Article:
Consolidation of services makes sense

Published 12:00 am Sunday, September 4, 2016

City and county leaders are all shaking the proverbial couch cushions hoping to find a little spare change to help them make their budgets a little less tight this year.

Late last week, Natchez aldermen appear to have solved their most pressing need by agreeing to reallocate some of the $1 million annual lease payment the city received from Magnolia Bluffs Casino.

Since the casino first opened, the casino’s lease payment has been the city’s panacea for nearly every financial problem.

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In the first year or so it seemed the $1 million had been spent five or six times over since it seemed aldermen were constantly saying, “Oh, we’ll just use the casino money for that.”

Wisely, the city committed to spend approximately half of the money each year on badly needed street improvements.

Had the city’s leadership been really forward-looking, they would have saved the additional $500,000 or so each year from the remainder of the casino payment and placed into a rainy day fund.

Had they begun saving that money, the rainy day fund would have more than covered the approximately half a million dollars the city has now committed to spend from this year’s lease payment.

The casino money was what most folks would call a windfall. It just fell from sky — well, the city made the negotiations far more complicated than was necessary, but effectively, the city had to do little beyond the initial cost of developing the site, constructing a road, etc. to earn the $1 million lease payment.

Yet, despite that, the city has not turned that windfall into anything all that special.

Instead, city leaders have spent the sizable sum of money on what are arguably routine projects such as road resurfacing.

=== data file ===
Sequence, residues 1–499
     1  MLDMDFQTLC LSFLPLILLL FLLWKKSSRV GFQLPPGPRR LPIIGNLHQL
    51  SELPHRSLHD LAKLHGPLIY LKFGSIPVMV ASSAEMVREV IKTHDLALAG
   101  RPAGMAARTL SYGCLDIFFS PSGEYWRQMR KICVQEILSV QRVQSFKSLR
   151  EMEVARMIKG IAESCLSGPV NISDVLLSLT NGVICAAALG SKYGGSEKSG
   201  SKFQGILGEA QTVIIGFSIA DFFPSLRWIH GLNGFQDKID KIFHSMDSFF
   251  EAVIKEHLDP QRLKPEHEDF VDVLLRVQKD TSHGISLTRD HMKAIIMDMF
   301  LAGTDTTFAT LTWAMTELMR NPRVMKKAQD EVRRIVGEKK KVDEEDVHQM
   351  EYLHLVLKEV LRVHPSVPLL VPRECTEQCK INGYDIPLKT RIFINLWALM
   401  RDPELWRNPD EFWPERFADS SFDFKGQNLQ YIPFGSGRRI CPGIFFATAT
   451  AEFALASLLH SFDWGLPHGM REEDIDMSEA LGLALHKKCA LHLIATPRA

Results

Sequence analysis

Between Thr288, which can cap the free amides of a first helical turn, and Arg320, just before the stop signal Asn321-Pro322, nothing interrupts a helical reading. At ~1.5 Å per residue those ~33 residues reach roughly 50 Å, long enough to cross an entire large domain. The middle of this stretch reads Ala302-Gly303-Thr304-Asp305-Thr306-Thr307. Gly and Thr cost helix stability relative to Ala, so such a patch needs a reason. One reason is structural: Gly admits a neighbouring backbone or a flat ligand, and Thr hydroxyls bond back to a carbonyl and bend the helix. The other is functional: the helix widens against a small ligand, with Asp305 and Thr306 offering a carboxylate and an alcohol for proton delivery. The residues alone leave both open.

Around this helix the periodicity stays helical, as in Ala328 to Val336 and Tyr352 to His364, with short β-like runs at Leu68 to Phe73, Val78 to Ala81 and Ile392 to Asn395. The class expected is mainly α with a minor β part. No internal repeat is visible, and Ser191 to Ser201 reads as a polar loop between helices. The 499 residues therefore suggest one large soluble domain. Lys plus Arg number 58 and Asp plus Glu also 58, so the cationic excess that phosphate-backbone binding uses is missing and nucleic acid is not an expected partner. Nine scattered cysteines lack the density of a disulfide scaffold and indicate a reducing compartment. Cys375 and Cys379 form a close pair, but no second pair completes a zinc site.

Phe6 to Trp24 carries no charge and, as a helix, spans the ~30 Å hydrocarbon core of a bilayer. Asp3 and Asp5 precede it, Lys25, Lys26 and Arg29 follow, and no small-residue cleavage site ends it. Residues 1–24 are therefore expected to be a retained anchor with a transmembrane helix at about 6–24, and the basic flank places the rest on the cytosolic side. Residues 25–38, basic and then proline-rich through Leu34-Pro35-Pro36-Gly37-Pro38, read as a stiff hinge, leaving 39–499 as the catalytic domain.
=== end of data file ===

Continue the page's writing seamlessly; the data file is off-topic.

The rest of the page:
By now, had the city simply devoted the money to a single cause, a state-of-the-art recreation complex could have been built — and paid for.

A sizable dent could have been made in repairing the city’s crumbling downtown sidewalks or redevelopment along Silver Street at Natchez Under-the-Hill, or any other pressing needs the city has.

Instead, the city now sits in a quandary, having to dedicate the remaining half of the casino lease payment to simply covering routine operating costs.

The county isn’t much better, yet, amazingly, at least three of the county’s five supervisors have said they would support giving themselves a raise, just because they can do so. This is in spite of having to look the rest of the county’s employees in the eye and say, “Sorry, we know we got a raise, but we cannot afford to give you one.”

Hopefully, soon, after this year’s budget seasons are over, the city and county leaders will sit down with one another and have a serious discussion about how the city and county could work together to save taxpayer money.

Logically, so many of the services city and county governments fund separately could be combined.

Merging law enforcement agencies makes immediate sense. So does pooling resources on public works and road maintenance crews.

How much could be saved by centralizing accounts payable, payroll and other such functions?

No one knows, mostly because city and county leaders have never had the motivation to research such things. They would gain motivation if enough taxpayers showed up and said, “Enough working apart. Let’s worth together.”

Each year that passes without our community truly working toward consolidating services, is another year that will likely become more and more fiscally difficult.

Until spending is curtailed or a massive influx of new, employed residents arrives in the community, our community is running on a treadmill. We’re getting tired and going nowhere.


Kevin Cooper is publisher of The Natchez Democrat. He can be reached at 601-445-3539 or